In my experience, when wearing a mask, people look at you with distrust, fear, or even curiosity. If people do have the courage to ask, I have no problem explaining my illness. Some TB patients prefer to stay in the Machava Hospital during the whole treatment course because of the negative stigma associated with TB. In addition, transportation and even being around one’s own family could become uncomfortable.
The HeroRATs diagnosed my condition. I knew about the HeroRATS, since my sister-in-law is a nurse that visits the APOPO lab. In addition, my brother-in-law works at APOPO too his name is Atilano, he is a rat handler. It is hard to believe at first, but I had seen videos, and heard about the training the rats receive and it was a relief to finally know the root cause of my illness. At APOPO, the rats quickly find TB, and then human lab technician’s confirm it in their own lab using WHO-endorsed confirmation tests before alerting the clinic. For my sample, they did an extra molecular test with the GeneXpert System which detected not only the Mycobacterium tuberculosis but also that there was a resistance pattern.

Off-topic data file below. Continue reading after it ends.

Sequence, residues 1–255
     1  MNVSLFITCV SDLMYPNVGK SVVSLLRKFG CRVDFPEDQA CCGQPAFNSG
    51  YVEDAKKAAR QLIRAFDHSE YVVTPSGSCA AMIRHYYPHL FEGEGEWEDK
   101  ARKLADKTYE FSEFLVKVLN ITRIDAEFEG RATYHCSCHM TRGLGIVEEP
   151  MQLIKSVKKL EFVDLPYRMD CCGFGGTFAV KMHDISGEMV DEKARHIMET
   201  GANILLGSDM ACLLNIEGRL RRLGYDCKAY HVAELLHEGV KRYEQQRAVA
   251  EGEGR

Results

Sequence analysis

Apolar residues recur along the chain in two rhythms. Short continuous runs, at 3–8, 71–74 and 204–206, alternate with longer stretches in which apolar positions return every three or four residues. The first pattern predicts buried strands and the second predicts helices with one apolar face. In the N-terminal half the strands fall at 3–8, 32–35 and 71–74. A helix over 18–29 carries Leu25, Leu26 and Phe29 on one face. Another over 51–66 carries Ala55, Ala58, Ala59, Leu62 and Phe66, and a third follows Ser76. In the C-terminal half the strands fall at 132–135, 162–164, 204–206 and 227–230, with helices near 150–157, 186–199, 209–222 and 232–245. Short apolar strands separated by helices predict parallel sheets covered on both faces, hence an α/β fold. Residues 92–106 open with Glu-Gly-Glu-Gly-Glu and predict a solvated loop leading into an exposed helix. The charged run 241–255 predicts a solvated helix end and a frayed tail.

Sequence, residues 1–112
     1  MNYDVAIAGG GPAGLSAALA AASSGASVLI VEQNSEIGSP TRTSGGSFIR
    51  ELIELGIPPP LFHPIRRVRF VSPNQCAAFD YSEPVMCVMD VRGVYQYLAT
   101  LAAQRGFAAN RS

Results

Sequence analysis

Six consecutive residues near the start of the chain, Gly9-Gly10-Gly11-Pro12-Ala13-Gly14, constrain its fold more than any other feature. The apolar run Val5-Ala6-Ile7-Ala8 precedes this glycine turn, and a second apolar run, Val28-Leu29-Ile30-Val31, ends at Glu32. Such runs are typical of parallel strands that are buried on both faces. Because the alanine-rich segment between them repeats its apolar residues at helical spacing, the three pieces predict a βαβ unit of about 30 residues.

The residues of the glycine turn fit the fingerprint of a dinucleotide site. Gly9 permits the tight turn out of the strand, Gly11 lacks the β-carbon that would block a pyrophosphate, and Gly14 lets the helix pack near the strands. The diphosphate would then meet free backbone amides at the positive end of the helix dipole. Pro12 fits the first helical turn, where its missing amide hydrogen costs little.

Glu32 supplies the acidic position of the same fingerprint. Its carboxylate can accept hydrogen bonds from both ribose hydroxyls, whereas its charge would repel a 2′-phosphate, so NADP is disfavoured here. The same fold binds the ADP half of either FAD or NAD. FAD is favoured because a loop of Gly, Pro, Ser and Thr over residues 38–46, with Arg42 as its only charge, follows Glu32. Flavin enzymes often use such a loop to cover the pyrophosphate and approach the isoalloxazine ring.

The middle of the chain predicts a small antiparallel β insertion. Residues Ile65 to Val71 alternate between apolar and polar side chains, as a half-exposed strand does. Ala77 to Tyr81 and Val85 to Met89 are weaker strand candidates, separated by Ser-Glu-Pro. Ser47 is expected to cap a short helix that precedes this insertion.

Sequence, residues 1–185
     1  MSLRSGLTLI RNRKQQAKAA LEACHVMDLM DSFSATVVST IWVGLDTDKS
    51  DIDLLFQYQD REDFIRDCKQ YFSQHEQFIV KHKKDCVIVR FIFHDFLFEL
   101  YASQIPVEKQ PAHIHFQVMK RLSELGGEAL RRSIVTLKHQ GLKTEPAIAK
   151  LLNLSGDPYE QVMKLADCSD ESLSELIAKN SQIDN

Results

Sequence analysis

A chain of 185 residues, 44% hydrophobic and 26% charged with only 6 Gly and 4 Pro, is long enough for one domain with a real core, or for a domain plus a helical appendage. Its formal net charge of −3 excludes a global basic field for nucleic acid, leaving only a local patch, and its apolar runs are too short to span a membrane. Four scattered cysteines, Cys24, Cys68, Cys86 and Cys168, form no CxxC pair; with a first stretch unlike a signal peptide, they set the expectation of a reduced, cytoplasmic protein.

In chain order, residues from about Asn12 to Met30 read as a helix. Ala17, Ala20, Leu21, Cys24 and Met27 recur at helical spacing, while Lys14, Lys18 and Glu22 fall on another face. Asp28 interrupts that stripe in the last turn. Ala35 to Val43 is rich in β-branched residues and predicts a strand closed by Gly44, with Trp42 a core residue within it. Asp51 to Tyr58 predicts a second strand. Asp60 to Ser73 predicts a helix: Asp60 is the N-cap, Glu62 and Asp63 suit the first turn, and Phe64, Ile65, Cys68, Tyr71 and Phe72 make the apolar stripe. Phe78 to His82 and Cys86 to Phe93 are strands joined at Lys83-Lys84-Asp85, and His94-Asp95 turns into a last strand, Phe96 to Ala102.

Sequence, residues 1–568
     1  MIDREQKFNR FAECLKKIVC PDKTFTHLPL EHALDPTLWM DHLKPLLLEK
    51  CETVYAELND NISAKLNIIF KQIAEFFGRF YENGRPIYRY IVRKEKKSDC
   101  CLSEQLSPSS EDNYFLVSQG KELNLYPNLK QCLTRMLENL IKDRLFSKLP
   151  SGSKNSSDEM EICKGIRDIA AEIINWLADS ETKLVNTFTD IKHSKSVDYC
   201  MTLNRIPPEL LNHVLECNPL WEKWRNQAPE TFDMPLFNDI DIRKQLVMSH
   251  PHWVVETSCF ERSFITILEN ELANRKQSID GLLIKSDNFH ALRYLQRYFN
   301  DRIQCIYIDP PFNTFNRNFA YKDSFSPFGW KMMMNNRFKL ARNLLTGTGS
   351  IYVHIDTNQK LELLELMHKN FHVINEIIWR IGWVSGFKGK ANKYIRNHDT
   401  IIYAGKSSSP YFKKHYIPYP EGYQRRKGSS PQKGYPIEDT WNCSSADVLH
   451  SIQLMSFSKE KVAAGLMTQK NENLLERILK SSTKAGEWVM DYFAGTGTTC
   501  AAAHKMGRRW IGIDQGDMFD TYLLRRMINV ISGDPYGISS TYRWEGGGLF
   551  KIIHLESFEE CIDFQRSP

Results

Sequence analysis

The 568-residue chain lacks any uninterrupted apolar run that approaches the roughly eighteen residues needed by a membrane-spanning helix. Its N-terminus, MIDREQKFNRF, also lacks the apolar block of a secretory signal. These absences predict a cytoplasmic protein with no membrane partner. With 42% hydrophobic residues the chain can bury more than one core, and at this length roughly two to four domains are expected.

This HeroRAT, Astrid, which is walking on the sofa next to me is clean and quiet. I had always believed rats as rodents who damage crops and are destructive in homes. I have even heard stories of people’s toes being “chewed” during their sleep. But I know at APOPO, these African giant pouched rats are life-savers. APOPO is doing amazing work! I hope that the organization will continue to grow and that APOPO can expand their services as the population continues to grow in Mozambique.”